How about a male estrogen to prevent not only memory loss but also heart attacks and strokes that are more common in men than in women? There is work afoot to try to develop compounds that retain many of the properties of estrogen without producing its feminizing effects such as changes in breast size and other physical features. The antiosteoporosis medication raloxifene (Evista), which some have informally labeled as estrogen-light, has fewer feminizing properties than regular estrogen, but it is still not suitable for use by men. A recent study in women showed that Evista was much less likely to lead to breast cancer than estrogen, and this compound may be worth testing in women with mild memory loss.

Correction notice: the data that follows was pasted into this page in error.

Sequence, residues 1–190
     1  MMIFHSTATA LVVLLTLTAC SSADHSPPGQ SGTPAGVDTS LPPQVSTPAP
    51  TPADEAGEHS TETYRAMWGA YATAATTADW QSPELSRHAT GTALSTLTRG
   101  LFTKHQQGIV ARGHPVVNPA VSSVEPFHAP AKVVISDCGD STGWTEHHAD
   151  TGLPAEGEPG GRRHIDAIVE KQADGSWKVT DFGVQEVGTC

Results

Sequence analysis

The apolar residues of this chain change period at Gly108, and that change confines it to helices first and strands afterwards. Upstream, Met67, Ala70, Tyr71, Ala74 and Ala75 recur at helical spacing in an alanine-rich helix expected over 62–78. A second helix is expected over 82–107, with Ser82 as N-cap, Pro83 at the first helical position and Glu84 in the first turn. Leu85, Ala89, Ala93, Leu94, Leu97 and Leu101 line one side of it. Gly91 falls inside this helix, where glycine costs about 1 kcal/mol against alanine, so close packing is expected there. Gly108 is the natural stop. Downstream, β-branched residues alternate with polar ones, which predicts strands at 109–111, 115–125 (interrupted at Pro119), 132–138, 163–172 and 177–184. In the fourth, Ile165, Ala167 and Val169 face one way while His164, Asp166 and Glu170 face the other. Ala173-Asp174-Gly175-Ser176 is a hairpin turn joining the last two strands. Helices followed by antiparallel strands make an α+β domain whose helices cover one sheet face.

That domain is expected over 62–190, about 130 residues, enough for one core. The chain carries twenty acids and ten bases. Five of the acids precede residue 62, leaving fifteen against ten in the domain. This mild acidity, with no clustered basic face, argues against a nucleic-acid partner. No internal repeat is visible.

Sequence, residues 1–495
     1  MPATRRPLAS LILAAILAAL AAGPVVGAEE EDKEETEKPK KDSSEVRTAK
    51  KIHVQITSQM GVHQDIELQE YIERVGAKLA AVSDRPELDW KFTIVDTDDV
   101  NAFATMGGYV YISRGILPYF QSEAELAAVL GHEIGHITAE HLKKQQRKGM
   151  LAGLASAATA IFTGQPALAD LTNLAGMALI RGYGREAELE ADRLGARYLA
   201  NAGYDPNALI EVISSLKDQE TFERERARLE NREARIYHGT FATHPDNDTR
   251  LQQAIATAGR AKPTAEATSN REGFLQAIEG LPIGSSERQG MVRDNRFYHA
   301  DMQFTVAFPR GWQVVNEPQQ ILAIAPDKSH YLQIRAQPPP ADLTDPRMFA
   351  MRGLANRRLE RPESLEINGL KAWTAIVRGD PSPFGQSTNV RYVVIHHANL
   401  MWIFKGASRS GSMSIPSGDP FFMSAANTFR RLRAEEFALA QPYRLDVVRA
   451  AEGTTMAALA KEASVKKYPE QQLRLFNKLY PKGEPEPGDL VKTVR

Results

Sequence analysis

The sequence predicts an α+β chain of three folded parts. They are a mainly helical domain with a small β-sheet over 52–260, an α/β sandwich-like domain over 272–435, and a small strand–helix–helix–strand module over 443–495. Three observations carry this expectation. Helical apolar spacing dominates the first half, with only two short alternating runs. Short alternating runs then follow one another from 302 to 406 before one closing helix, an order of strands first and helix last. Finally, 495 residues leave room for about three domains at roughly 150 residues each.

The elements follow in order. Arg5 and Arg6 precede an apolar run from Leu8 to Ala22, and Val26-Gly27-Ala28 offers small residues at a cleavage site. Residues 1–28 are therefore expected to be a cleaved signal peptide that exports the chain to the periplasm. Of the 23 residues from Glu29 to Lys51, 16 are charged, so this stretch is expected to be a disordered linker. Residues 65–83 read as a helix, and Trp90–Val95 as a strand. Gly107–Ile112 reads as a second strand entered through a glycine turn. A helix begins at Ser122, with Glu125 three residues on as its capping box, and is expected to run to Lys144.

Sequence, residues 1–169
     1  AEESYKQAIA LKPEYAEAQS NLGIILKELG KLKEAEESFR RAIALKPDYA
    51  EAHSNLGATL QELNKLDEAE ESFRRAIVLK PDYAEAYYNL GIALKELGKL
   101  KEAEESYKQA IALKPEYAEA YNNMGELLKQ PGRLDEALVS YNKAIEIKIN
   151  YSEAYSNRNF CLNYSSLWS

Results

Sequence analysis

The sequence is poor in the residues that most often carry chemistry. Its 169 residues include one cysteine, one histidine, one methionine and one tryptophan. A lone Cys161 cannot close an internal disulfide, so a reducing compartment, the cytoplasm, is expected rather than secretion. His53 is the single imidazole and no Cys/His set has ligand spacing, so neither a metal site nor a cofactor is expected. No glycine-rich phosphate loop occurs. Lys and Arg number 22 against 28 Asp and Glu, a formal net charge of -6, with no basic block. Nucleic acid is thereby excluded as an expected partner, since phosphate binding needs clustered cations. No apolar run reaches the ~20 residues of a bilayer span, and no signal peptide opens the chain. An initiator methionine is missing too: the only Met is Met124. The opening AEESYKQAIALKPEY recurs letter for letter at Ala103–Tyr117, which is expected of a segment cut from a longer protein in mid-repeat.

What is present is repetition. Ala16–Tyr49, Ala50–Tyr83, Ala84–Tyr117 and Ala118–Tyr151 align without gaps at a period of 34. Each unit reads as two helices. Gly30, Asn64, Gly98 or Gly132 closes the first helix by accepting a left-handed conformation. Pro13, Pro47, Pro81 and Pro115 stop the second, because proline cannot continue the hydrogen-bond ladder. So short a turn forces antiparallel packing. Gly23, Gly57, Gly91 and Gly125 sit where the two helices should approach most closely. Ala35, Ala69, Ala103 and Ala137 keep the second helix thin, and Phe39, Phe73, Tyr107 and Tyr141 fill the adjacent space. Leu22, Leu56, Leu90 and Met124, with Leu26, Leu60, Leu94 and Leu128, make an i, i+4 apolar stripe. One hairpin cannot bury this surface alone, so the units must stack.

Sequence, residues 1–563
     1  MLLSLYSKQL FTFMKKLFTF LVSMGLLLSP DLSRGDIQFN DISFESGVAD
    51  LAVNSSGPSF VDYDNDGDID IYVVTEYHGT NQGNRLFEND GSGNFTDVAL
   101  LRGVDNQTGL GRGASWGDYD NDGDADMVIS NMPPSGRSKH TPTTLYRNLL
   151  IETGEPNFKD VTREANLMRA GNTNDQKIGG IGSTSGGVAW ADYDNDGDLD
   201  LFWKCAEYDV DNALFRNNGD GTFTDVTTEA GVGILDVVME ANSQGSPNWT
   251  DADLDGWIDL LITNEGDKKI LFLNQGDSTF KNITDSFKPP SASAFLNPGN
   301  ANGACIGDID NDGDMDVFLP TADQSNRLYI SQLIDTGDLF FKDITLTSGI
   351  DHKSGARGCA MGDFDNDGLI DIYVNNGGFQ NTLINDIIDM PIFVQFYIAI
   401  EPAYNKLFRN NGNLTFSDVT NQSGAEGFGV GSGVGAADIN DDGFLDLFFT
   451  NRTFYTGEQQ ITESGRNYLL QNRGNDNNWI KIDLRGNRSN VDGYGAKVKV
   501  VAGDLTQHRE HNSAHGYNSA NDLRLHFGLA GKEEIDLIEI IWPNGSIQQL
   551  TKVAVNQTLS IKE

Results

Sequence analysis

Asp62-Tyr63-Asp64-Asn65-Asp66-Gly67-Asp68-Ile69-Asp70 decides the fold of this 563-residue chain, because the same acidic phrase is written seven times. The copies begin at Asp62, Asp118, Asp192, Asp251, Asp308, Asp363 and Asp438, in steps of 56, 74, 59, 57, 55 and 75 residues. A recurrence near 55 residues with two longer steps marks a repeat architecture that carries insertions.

The irony about estrogen is that it is a steroid, as is the male hormone, testosterone. Corticosteroids are thought to damage hippocampal cells, but sex hormone steroids may actually protect the same cells. Testosterone therapy in men has not been studied as much as estrogen in women for a couple of reasons: a high risk of prostate cancer, and the need to give testosterone by injection rather than orally. Since more and more researchers are taking an interest in sex hormones and related compounds, male sex hormone therapy to prevent memory loss, and perhaps depression, may make its debut in the future.
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